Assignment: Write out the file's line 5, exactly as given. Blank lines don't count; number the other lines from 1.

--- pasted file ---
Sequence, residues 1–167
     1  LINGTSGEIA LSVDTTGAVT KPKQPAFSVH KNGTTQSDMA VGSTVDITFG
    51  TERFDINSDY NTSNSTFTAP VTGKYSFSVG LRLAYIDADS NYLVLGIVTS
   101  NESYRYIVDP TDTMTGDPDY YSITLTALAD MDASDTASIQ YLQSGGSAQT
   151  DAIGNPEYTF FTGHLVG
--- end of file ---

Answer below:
   151  DAIGNPEYTF FTGHLVG